Self isolation/day 195.
If you would like to purchase the Visions Adjoin historic commemorative book you can purchase a copy through this link, or from the info listed above.
What have I been up to? I finished four small works and I have two new paintings that I will start to paint on today. Took awhile for me to draw them as they are both subject matters I don't normally tackle; but hey, after being isolated for 195 days I decided to turn my hand to some new ideas. Why not? Plus, I'm confident it will be fun. Who doesn't need more fun these days?
Also, for your reading enjoyment I'd like to recommend a book or two. Metropolitan Stories by Christine Coulson is just magical. Published in 2019 it is a quick read; but don't rush through them - savor them. If you have ever spent time at the Met, you will love the perspective. I enjoyed every story in this novel and it further verified some things from another book I read recently titled Stealing the Show by John Barelli and Zachary Schisgal (which I recommend as well). Back to my brushes.
"Autumn is the mellower season, and what we lose in flowers we more than gain in fruits." - Samuel Butler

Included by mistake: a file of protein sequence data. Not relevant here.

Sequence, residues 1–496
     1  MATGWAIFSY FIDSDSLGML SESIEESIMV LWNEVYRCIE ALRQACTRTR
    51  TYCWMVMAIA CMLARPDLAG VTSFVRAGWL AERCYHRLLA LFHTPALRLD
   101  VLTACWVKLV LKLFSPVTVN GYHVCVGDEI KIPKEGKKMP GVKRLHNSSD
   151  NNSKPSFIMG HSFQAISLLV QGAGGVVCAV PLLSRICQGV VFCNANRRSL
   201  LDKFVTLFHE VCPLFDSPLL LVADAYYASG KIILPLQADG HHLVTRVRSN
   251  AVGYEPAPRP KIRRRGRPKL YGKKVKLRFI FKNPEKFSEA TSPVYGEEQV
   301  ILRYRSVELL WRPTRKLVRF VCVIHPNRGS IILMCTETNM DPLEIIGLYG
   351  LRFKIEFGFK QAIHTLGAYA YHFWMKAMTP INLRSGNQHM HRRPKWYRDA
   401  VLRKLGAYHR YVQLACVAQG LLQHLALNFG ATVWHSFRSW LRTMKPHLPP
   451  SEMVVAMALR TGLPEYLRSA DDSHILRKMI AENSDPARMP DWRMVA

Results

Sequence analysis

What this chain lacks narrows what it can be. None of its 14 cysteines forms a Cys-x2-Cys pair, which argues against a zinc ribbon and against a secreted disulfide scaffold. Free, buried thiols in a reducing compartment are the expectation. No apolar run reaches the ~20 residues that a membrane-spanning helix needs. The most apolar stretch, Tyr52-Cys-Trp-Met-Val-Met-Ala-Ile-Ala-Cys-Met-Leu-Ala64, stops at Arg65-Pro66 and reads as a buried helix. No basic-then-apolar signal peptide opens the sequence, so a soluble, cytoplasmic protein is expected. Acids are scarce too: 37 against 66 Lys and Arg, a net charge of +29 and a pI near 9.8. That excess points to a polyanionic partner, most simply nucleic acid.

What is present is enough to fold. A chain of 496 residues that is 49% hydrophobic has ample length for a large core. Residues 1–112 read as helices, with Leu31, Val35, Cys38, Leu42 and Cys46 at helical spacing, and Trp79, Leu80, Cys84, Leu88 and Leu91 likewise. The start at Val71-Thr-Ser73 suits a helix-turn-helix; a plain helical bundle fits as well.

Self isolation day 181.
I have two new series in production now. My usual inspiration route is to make a word sketch and then decide what to include in my still life paintings that will get the idea or message across to the viewer. I have a new series I call "The Signs" which uses this routine. But I also have another series started wherein I used a different inspiration which is highly unusual for me. I was inspired by a tube of paint color. I'm not usually inspired by any particular color - I love to paint with them all equally. But if inspired by a color it is usually a challenge like...do a red painting, or this works well for this subject matter. This was different. I first saw the color on a FaceBook post (you've seen them - the "guess what color" posts). But it stopped me in my tracks. This was it! It was the answer. If you paint you will know what I mean; you have something socked away but can't decide on the best way to produce it. "Hmmm, this would be better poured", or "That's not good enough. I'll hold onto it and use it later." So I ordered some of this paint, and I am happy to say I was not wrong. I have revisited some ideas I had only produced in miniature and thought they weren't good enough for a full-on painting. Now I am on my fourth painting and it has not failed to meet my expectations yet. So remember to keep your mind receptive. Don't just look; learn to see the possibilities. Back to my brushes.
"In creating, the only hard thing is to begin: a grass blade's no easier to make than an oak." - James Russell Lowell